The Lawyer Asia Pacific 150 is the only research report to provide a ranking of the top 100 independent local firms and top 50 global firms in the region. The report offers critical review of some of the fastest growing firms and their strategies, a country-by-country guide to leading legal advisers and legal services market trends, plus exclusive insight into the current business development opportunities in the Asia Pacific. Read more
This year, The Lawyer’s annual ranking of the largest UK law firms by turnover is available as an interactive, digital benchmarking tool. For the first time this will allow you to manipulate each data set against the metrics of your choice.
City firms are closing ranks to halt the escalating salary war. A host of firms have already had informal discussions to keep newly-qualified salaries below £50,000.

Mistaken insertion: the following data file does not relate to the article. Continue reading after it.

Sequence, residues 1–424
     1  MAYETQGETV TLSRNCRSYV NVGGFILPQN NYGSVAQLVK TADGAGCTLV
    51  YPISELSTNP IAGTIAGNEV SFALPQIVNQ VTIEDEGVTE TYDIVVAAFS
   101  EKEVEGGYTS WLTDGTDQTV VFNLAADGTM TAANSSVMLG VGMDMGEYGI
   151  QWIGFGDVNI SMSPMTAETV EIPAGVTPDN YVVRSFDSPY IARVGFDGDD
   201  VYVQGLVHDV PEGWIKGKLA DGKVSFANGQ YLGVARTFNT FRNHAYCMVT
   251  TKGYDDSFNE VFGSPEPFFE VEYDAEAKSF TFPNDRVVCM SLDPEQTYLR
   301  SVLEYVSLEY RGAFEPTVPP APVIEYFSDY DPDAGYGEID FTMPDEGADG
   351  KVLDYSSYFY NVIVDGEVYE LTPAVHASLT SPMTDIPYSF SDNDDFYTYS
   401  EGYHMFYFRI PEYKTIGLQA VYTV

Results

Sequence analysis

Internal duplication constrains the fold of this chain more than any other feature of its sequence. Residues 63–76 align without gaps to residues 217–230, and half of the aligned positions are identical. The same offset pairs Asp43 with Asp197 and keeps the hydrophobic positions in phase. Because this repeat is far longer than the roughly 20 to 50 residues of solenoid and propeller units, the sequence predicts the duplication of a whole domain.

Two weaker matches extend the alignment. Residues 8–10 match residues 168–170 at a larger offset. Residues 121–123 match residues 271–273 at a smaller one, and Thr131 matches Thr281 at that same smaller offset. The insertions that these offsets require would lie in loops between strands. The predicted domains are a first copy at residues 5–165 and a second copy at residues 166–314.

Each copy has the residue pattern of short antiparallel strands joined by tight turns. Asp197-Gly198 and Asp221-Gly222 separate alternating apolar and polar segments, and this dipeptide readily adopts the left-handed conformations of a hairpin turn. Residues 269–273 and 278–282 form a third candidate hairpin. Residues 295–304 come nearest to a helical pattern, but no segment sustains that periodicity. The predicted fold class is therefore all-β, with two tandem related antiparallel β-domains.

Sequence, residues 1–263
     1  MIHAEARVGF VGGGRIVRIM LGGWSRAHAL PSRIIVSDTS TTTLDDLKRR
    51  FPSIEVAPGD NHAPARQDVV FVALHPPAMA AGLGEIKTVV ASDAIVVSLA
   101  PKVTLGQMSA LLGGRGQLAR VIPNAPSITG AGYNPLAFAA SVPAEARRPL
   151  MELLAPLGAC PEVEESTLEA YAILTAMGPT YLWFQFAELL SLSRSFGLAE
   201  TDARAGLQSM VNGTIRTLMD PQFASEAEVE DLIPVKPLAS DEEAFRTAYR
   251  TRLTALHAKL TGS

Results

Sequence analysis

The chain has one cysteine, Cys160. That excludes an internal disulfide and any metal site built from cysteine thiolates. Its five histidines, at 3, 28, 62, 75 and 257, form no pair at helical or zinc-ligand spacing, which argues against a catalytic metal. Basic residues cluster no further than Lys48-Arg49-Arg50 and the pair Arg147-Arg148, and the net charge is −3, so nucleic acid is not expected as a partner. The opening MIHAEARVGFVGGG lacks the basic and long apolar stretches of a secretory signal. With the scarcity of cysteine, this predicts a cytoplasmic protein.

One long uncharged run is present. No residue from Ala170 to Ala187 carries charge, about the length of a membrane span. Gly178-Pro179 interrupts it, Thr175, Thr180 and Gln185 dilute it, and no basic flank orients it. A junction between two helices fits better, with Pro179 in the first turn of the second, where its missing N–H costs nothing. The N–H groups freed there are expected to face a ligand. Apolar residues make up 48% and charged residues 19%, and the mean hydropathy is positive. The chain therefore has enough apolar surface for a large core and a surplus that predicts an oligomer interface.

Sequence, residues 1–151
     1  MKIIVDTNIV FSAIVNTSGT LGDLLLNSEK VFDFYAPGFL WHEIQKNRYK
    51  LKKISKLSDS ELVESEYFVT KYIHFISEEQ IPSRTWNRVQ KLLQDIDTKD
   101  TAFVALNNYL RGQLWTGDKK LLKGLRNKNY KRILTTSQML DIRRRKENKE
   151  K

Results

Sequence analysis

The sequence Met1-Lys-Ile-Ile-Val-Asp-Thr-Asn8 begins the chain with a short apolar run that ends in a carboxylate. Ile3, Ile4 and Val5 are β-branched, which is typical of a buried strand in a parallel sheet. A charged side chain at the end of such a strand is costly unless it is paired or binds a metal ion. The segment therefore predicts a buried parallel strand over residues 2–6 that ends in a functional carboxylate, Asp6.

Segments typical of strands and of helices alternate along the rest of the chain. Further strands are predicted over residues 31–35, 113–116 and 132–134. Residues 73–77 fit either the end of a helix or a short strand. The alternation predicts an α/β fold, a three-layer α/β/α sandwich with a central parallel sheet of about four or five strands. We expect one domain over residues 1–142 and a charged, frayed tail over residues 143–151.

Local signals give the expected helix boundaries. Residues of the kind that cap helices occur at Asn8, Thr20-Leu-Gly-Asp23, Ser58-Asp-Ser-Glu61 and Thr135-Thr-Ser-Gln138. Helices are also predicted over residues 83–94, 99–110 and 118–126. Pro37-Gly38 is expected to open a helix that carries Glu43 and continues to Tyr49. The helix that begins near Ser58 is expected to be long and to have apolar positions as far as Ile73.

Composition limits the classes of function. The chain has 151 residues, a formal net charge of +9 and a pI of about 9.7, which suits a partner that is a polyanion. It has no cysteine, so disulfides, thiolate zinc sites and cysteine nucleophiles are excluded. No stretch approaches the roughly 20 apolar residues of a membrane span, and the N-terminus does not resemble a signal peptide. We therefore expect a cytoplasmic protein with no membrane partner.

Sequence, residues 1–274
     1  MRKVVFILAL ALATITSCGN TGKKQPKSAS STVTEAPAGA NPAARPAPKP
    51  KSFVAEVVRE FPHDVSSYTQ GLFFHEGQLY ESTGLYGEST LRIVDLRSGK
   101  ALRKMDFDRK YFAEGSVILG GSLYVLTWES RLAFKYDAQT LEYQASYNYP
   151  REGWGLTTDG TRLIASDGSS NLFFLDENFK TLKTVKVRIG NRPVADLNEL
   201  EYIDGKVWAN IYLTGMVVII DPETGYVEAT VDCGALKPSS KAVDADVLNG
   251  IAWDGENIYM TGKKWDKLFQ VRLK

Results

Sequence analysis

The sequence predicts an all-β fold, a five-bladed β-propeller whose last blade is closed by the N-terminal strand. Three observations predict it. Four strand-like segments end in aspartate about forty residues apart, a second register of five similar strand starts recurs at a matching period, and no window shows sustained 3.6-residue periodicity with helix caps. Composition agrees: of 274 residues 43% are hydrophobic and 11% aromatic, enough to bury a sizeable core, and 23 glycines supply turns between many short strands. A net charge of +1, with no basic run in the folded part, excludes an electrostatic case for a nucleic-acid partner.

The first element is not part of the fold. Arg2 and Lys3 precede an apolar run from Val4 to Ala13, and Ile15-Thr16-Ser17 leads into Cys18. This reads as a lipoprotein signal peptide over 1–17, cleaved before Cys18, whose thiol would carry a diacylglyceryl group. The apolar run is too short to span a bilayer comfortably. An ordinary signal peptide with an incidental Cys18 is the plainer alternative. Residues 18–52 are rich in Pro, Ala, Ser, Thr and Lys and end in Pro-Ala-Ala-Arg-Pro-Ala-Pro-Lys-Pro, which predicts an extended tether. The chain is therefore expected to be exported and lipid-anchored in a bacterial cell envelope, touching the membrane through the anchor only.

But The Lawyer can exclusively reveal that Clifford Chance and SJ Berwin have already taken the decision not to broach the £50,000 mark this year. Clifford Chance will put up its salaries for newly-qualifieds to £48,000 from £42,000.
A year ago, SJ Berwin sparked a UK salary inflation when it put newly-qualified salaries up by as much as 25 per cent to £45,000 (The Lawyer, 21 February 2000).
The move was in response to the US firms gaining ground with their City practices. A host of US firms, including Sullivan & Cromwell, Dewey Ballantine and Latham & Watkins, pay New York rates to London assistants.
SJ Berwin senior partner David Harrel confirms that despite speculation to the contrary, his firm will not be raising newly-qualified salaries to £50,000. He says: "We made a step change last year. This is very much consolidating on that. We don't think it prudent to be chucking large sums of money at people.
"Associates aren't foolish. They'd be concerned to see huge pay increases when they can see the marketplace looking a bit softer."